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Elementary Science

Upcoming teacher

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Nicole Adams Nicole Adams 260 Points

Hi my name is Nicole, and I am currently a Junior in college looking to get more prepared for my future as an elementary science teacher. All grade level advice welcome but I hope to teach between 2nd and 4th grade! I would love to hear any advice on how to get students excited to learn science. I plan on using many hands-on lessons that allow for group work and deeper thinking. (Ex: teaching moon phases with oreos) Share some of your favorites or even tips!

Cristina Camarillo Cristina Camarillo 545 Points

I would say find the interest of the students first. Like if the students like stuff about volcanoes you can contribute it into an experiment in class. By involving a volcano you can take advantage and teach about the rock cycle as well.

 

Judith Boyle Judith Boyle 820 Points

Hi, Nicole, 

You will find that students are by nature curious about everything. I have a stool in front of my desk and to spark curiosity in science, I will find an item that is used to introduce a science we will be studying to place on it. As my students arrive, they seem to always gravitate to the stool and begin asking questions. I tell them to get their science notebooks and record the questions they have because they are great questions (and I won't answer them!). This sparks their enthusiasm for science. 

Another tactic is for your students to bring in phenomena they have observed. Then begin a science phenomena corner! You will have an amazing collection. Even my parents bring things in! Rocks, bark, fur, antlers, bones, and a bat are a few in my collection!

Have fun! You will learn so much from your students!

 

Chandler Patrick Chandler Patrick 2040 Points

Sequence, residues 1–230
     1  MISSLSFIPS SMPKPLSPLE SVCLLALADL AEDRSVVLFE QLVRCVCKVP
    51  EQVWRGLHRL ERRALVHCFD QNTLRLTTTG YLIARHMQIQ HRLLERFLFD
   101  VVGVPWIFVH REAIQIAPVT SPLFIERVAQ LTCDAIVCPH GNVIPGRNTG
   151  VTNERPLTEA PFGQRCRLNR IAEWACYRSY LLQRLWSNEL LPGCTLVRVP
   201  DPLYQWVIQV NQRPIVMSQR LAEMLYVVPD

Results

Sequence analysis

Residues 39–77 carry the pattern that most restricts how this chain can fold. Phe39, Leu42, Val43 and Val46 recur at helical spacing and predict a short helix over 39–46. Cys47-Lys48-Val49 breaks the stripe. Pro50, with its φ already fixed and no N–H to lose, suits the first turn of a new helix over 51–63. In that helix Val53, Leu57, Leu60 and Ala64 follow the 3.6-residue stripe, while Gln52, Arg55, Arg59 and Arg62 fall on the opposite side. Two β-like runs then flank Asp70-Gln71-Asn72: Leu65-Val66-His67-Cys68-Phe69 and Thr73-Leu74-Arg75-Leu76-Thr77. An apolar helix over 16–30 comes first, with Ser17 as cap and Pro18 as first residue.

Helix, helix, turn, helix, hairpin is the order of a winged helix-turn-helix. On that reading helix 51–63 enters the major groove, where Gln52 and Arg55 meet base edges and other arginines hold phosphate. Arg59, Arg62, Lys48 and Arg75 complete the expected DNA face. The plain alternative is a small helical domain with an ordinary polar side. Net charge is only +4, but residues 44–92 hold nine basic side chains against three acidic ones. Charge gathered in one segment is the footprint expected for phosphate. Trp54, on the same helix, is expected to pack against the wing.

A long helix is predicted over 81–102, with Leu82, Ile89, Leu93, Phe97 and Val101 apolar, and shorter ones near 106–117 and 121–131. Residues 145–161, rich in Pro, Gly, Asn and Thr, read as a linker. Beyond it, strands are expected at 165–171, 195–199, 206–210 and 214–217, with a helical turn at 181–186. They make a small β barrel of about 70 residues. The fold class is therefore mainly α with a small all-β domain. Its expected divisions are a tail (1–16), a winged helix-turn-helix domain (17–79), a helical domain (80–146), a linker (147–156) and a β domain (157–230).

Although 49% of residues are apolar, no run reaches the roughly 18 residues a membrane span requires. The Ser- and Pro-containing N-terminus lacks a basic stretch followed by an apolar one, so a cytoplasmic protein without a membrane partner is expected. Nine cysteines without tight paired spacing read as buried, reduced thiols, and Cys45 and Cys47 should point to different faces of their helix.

Hello! I am in my 3rd year in college and I am looking foward to teaching elementary students. I am a little nervous about teaching science but I am excited at the same time. I would like advice on how to become comforatable with teaching science content. 

Judith Boyle Judith Boyle 820 Points

Hello, Chandler,

I grappled with the same problem. Here is what I have done which has helped me so much. Whenever I attend an NSTA conference, I try to "step outside my science content comfort zone". Here's an example: I needed to improve with chemistry so I attended only workshops that dealt with that science. It was hard since there were no elementary chemistry sessions, but there were middle school and high school. So, I took a deep breath and entered the sessions. Immediately, I admitted to the teachers around me that I was an elementary teacher who wanted to teach chemistry to my students but I knew nothing about it, and I asked for help. Well, they were amazing! Now I feel more confident. I learned two things; go to NSTA conferences and always go to my middle school and high school science teachers for help. They are always so helpful. NSTA's Science and Children's publication is wonderful for helping too. Check out their "Science 101" and their articles too. Have fun building a collection of articles!

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